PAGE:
What if I told you, you don’t ever have to make a cold call to score high-paying, marketing content clients? I never have.

Oh, and you don’t have to write for content mills either. In fact, I encourage you not to, unless you’re a newbie in need of writing samples. (The pay is alarmingly low, you have little to no control over terms, rates or client relationships, and you tend to be treated like a low-level worker.)

I know the idea of selling makes you uneasy. In fact, you might feel downright paralyzed, unable to launch or grow your freelance business because of it. We’re going to fix that.

I’m going to walk you through where and how to find high-paying work with zero cold calls and no pressure (on you, or the prospect).

But first, you need to understand where the marketing industry is today — especially with respect to content trends.

Companies are shifting their marketing budgets and strategies to content in a BIG way. For years now, their performance metrics all point to an undeniable fact: Content is the only kind of marketing that pays in today’s market, when buyers are more skeptical, distracted and discerning than they’ve ever been.

In fact, studies tell us content marketing generates 3X more leads per dollar than traditional tactics, and astute marketers are well aware.

According to a 2017 industry survey:

  • 89% of surveyed marketers are using content marketing today.
  • 70% expect to spend more on content production in 2017.
  • 73% said content marketing is an ongoing process for their organizations, not simply a campaign.
  • 63% said their organization is “extremely” or “very committed” to content marketing. That number jumps up to 91% among top-performing marketers.
  • 75% said they can demonstrate how content marketing has increased audience engagement.
  • 62% said they are more successful with content marketing now than a year ago.
  • 85% attributed 2016 successes to higher quality, more efficient content production.
  • 76% prioritize content quality over quantity.
  • Top three challenges: (1) not enough time devoted to content marketing; (2) content creation; (3) strategy issues.

(Here are similar reports that may be more reflective of your niche or part of the world.)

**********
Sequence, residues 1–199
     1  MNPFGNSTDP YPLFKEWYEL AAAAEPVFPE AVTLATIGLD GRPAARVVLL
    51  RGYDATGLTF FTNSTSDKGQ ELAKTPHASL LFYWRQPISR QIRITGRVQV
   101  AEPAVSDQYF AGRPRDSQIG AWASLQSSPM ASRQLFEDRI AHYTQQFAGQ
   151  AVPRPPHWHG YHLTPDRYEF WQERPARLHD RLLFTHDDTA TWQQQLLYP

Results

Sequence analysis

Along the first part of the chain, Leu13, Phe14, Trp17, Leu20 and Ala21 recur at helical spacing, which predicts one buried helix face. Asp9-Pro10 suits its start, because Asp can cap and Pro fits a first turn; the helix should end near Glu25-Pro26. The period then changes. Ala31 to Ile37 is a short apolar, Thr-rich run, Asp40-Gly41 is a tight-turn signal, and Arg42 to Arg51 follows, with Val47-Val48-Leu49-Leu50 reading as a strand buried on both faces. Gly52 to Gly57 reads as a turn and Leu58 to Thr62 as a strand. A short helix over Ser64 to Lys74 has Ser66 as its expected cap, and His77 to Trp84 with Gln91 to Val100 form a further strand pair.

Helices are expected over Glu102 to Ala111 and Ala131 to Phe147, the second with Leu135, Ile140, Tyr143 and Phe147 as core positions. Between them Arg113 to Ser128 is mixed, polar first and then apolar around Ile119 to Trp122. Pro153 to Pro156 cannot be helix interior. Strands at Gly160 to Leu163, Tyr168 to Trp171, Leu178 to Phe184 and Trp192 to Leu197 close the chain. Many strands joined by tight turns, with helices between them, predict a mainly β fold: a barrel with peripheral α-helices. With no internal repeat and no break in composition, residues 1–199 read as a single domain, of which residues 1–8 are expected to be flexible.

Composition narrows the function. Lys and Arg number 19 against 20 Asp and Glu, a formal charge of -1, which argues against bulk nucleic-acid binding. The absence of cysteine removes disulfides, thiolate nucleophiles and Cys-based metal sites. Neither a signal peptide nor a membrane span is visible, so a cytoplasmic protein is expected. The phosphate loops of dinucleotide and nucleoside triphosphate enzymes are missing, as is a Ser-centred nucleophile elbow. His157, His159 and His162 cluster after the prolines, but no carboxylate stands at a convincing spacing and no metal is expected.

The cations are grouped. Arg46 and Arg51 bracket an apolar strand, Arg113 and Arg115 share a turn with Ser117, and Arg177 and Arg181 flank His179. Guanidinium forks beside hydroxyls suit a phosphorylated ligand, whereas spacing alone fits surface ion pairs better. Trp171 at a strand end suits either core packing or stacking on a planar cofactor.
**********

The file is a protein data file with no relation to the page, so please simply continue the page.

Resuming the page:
What the above stats mean for you and me is that any company big enough to have a marketing department is likely starving for fresh, quality content. The obstacle is that they often lack in-house talent or capacity to produce all that content.

These companies are already sold on the value of content, have a dedicated budget for it, and are actively seeking out writers.

Did you get that? They are already sold. And they have deep pockets, to boot.

You already have a starving crowd — all you have to do is feed them.

These are the people — and the only people — you should go after. Waste no time on prospects who don’t value, don’t understand, or can’t afford what you have to offer.

Alright, so who are these hungry prospects, and where do you find them?

Look for at least one of the following traits:

(1) They have a marketing director, content director, brand manager, or any variation of those titles.

It’s a safe bet that if a company has invested in a marketing team or director, they’re likely pursuing a content strategy on some level. (Notice this eliminates tiny businesses with no marketing department.)

You’ll find plenty of these folks on LinkedIn, which is my favorite place to prospect. (We cover LinkedIn how-to’s here.)

(2) They show signs of investing in content.

Do they have a blog, white papers, downloadable resources, or other content assets on their website? These are all signs that a company already values and invests in good content, and will continue to do so.

You’ll often find the people responsible for content decisions interacting in online forums related to content, copywriting and inbound marketing. (Again, LinkedIn is a gold mine for that.)

You’ll also find them tweeting with hashtags like #contentmarketing, #copywriting, #inbound and #leadgeneration. Plus, they’re all over this free industry magazine, the Chief Content Officer.

They also love to network with peers through trade associations like the PRSA and AMA, and at conferences like Content Marketing World (possibly my favorite conference ever).

(3) Marketing agencies.

Marketing agencies have always worked with freelancers, but I’ve noticed a sharp increase in this practice in recent years.

One agency owner I know fired his entire staff a couple of years ago and works with freelancers only now. That’s an extreme example, but the point is that a lot of agencies are hurting for skilled writers and keeping in-house staff to a minimum.

An added bonus of working with marketing agencies is that their need for content is never-ending. If they like working with you, they’ll likely feed you recurring work for a long time. (Same goes for medium-to-large companies that have a marketing department.)

Yes, some writers prefer working with small organizations that don’t fit these criteria (e.g., startups, nonprofits, solopreneurs). If that’s your thing, go for it. Pursue the kind of work and the kind of clients that light you up.

Just be mindful that you’ll likely need to devote considerable time and effort to educate those prospects on what content marketing is, and why they should care enough to hand over their credit cards — if they can even afford it. As a fellow writer put it, “that’s a lot of free consulting.”

Otherwise, you’ll find selling is far easier and more profitable when you focus on prospects who are pre-sold, and forget the rest.

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Your Homework:

Begin building a list of prospects that exhibit some of the characteristics outlined above. (If there’s a niche you favor or specialize in, then by all means, narrow your search to align with those strengths or preferences.)

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